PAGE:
Since when do you have to agree with people to defend them from injustice?
We seem to live in a world where few people are prepared to say what other people are doing right, but almost everyone is ready to say what others are doing wrong.
The old formula for makeover shows was simple: 25% you have it wrong, 50% here is how to fix it, and 25% you are so much better now.
The new formula is different. Now it’s 80% you have it wrong, 15% here is how to fix it, and 5% you are so much better now. Producers have found that not everyone cares about the actual makeover or the happy ending, but the mass of people like to watch others screwing up, making mistakes, living out stress and cheap drama.
I was the anti-Jennifer during my time in the trans support community. Jennifer’s mode of operation was simple: if she could put you down, she felt like she put herself up. As long as she could tell you what you were doing wrong, she didn’t actually have to be concerned over what she was doing right.
For me, this is the hallmark of negative self identity, the idea that all you need to define yourself is a clear belief about how others are doing it wrong.
Your own identity becomes reactionary, becomes based on the fact you are not one of the assholes like them, rather than being based on pride in your own coherent, focused and integral choices. All you need is someone to look down on, someone to piss on, and you are good enough.
This negative identity is not a formula for leadership. Leaders have to show a good example, have to model best practices and have to encourage others to do better in order to make strong organizations or communities.
It is impossible to be someone’s ally, fighting for them, if your habit is to pick at other people, to point out where they are wrong, to identify where they are responsible for their own failures.
This comes up in many ways. Recently, there have been a rash of discussions about dress codes that seek to blame young women for their own sexual harassment and abuse because they don’t dress properly. By identifying what they are doing wrong we don’t have to do the hard work of making structural changes that foster respect and maturity.
You can always, always, always find some example of behaviour in others that is not perfect, choices that open someone in the target group to charges of faith. When we first seek for those examples, rather than seeking for our connection, rather than looking for the best in people, we become blamers, looking to fob off responsibility for standing up rather than taking the lead in finding better.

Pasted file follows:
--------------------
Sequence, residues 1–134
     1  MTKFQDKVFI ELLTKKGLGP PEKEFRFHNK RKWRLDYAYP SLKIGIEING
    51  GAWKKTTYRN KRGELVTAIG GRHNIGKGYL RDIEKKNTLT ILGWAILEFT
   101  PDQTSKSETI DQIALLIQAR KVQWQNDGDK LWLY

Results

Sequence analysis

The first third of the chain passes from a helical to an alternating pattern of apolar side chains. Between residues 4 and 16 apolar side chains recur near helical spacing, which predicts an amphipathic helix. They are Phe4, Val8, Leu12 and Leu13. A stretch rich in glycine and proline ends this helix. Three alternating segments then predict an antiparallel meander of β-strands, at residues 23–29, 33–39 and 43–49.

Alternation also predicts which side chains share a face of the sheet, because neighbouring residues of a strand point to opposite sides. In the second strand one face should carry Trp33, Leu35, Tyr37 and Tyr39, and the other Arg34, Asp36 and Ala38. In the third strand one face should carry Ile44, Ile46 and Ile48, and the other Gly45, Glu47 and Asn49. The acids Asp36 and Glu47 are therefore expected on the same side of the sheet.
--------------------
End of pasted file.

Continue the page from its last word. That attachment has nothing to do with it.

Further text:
One of the key reasons I retired from internet discussion around 2000 was the understanding that people speaking up on the net rarely felt the need to find common ground, rarely worked to present possible shared ground and potential solutions. Instead, they felt their only obligation was to use any means necessary to demolish someone else’s position, use any tactic to “prove” someone else was wrong, believing that all they had to do was silence someone else to claim victory.
You have not converted someone just because you have silenced them, and you certainly have not built community or coalition by doing that either. Democracy only works when we focus on what we have in common, not when we strive to create polarization by focusing where we are different.
The only way to come together is to come together and coming together always requires that you are not first focused on putting others down, showing how they are wrong, so that you can feel more self-righteous. There is no humility in gloating, no compassion in judging, no humane empathy in rationalizing.
There is only one human nature and we all share it. Every flaw you can point out in another is also a potential flaw in yourself. If the only technique you have to defend your choices is pointing a finger and saying “Well, look at them! They started it! They are the real baddies!” then you never take responsibility for both your human nature and your power to transcend it.
I know that this idea is hard to get across to people who believe that they can argue themselves out of any challenge. They believe that all they have to do is show a few good anecdotal examples, rattle off a few slogans and plump up their own obfuscation & rationalizations before smugly deciding that they have won the day again, proving that I just don’t understand their own superior arguments, the same ones that all the other people in their group have signed up to agree with.
The idea that life is a game of opposites, starting with winners and losers being the fundamental opposite, because winners are right and losers are wrong, is the first step in creating a polarized and dysfunctional society. Trying to prove yourself right by proving others to be wrong, choosing to take satisfaction in what you see as the obvious failings of others ignores the truth that we each struggle to grasp a shared reality bigger than any one of us can understand alone.
The only way to come to balance is to come past pairs of opposites. The habit of judging where others are wrong and taking any kind of delight that we are somehow better than they are because we can see their messy, myopic humanity, is hubris that stops us from really being able to connect with others and make change in the world.
Since when did you have to agree with people to protect them from injustice? Do not allow to be done onto others that which would be hateful to you; that is the golden rule of social responsibility.
Or would you rather just explain why they are wrong and why they brought this shit down onto themselves?